“As the Legislature was grappling with this issue of funding heat abatement for schools, one of the things that the industry said was that they could do it cheaper than what the DOE had estimated, which at one time was $1.5 billion to air-condition all classrooms,” Holck said in an interview. “They were saying they could do it for around $20,000 per classroom for infrastructure, labor, everything. So it was shocking that only a few months later these bids are coming in at, I think the highest one was $135,000. I don’t get it.”
Holck pointed to the example of a local company that recently installed donated solar-powered air conditioners at two schools on Molokai for $20,000 per classroom.
“So, it can be done,” Holck said. “And it has to be done. Everyone has said we have to deal with this issue for our students and our teachers.”
Briand Achong, president of Honolulu-based Greenpath Technologies, the company that handled the Molokai installation, told the Honolulu Star-Advertiser that the work was actually completed for roughly $10,000 per classroom at Kaunakakai and Kilohana elementary schools.
He’s not sure why the bids are coming in so high, but said the Molokai schools did not require electrical upgrades or installation of other energy efficiency measures like the 1,000-classroom project. And the units for Molokai were donated by NextEra Energy.
“We did strictly air conditioning,” Achong said. “On the new bids, it’s a heat abatement project — a combination of active and passive cooling, like putting on cool roofs, putting in insulation, putting in fans. And a lot of the schools would require electrical upgrades.”
John White, executive director of the Pacific Resource Partnership, which represents the largest construction union in the state and more than 200 contractors, disputed that labor costs are driving up the cost of public projects.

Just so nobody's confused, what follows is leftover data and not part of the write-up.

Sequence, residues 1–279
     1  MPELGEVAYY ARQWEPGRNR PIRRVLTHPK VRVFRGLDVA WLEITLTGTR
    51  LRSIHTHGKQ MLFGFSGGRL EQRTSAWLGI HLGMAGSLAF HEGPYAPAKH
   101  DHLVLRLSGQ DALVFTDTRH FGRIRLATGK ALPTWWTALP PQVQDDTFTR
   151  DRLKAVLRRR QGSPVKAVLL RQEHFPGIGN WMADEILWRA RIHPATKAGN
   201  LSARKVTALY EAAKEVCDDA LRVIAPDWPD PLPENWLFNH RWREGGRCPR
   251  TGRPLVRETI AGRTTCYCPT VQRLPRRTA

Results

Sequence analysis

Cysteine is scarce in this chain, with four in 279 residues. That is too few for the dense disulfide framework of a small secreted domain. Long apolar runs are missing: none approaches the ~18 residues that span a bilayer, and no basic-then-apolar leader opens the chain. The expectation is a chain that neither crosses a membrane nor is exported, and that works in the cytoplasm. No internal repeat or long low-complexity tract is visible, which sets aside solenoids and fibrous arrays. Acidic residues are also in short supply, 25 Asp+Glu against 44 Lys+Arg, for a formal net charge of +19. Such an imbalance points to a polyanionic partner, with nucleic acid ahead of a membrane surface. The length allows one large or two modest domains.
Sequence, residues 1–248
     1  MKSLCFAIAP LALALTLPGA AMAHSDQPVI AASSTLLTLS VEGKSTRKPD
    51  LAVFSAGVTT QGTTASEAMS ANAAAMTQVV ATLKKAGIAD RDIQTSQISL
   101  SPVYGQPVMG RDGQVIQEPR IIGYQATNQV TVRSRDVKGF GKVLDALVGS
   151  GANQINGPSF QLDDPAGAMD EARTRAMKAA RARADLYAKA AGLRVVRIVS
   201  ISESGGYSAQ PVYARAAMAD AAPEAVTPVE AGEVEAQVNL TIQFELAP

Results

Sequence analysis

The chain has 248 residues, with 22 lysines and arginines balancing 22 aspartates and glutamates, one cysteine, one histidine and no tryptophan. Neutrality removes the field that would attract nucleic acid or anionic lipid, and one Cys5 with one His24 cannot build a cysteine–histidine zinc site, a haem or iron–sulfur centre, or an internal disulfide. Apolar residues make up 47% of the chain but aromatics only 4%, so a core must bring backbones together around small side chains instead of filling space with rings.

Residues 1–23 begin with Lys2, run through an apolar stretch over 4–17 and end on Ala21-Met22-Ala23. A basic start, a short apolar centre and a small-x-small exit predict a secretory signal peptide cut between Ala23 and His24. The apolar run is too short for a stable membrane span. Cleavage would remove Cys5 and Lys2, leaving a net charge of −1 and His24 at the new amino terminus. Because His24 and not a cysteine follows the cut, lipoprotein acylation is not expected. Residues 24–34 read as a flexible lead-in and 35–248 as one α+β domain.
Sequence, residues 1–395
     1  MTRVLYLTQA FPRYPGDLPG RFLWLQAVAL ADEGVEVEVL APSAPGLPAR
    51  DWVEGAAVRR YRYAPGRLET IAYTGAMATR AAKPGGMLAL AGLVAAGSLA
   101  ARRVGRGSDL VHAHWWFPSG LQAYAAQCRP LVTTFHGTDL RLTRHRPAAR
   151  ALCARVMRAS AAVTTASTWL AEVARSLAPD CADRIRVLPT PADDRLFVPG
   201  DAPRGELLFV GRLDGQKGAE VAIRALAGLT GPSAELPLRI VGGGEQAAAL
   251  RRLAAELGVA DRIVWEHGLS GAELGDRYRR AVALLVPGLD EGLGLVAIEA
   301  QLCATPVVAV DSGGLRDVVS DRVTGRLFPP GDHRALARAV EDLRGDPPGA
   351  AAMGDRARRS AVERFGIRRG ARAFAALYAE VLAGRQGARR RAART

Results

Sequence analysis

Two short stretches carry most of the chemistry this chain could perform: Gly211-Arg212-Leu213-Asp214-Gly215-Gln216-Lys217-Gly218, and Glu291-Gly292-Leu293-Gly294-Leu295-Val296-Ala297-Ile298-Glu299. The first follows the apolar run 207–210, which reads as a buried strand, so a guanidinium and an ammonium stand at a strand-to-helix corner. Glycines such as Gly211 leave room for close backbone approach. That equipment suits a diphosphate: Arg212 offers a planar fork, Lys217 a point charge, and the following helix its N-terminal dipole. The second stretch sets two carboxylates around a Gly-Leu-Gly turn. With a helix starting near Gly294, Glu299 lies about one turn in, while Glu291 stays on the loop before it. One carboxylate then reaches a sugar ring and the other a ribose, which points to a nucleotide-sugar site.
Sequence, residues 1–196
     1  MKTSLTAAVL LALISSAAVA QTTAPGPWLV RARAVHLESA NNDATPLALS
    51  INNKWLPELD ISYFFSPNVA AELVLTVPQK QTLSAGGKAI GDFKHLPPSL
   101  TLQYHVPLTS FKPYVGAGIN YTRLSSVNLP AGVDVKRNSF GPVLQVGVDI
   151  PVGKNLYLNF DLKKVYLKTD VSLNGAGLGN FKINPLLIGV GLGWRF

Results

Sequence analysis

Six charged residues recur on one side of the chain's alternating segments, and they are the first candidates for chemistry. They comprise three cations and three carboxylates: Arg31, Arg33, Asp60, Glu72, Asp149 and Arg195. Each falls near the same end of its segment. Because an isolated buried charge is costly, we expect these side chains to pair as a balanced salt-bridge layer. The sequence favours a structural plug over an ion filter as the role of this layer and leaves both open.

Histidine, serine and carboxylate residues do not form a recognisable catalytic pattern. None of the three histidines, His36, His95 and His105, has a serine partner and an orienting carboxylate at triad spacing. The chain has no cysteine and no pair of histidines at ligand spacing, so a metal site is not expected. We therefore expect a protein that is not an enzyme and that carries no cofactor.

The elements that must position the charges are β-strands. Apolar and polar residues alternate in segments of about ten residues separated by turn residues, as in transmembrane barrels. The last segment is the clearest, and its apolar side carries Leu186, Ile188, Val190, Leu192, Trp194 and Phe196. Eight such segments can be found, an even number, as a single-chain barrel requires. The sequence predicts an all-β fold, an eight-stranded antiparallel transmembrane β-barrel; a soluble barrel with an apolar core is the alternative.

He said there are laws in place requiring companies contracted for government projects to pay their workers a wage that reflects wages commonly received in the area, known as prevailing wages. These are fixed for current and future years.
“Labor costs are the most stable and predictable part of any contract, of any bid, and they are not the reason why projects are coming in way over budget, because the wage rate for public works projects are set by our prevailing wage laws,” White said in an interview. “Even if the marketplace is really booming, prevailing wage rates are going to be the same.”
He said the factors behind rising costs in general vary, including the availability of work in the market, perceived uncertainty or risk with government projects, and material costs. “The reality is there’s no one-answer-fits-all reason why costs are going up,” White said.
Earlier this month, the DOE announced it was reopening the process to qualify additional general contractors and expand its pool of “qualified” contractors for the cooling work. The count is now up to 50 contractors from 16, Carlson said, which he expects will help with the competitive bidding process.
He also said the DOE is looking at reconfiguring the work into more attractive bid packages to make the project worthwhile for contractors.